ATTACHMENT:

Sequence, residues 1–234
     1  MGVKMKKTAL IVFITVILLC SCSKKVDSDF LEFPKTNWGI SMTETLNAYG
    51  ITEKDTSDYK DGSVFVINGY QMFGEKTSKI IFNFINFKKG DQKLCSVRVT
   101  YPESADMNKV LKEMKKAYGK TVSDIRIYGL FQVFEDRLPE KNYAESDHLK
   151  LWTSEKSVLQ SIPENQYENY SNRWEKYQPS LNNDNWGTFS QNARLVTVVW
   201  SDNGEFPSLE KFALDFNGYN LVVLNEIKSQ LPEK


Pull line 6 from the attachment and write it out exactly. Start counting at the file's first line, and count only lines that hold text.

   201  SDNGEFPSLE KFALDFNGYN LVVLNEIKSQ LPEK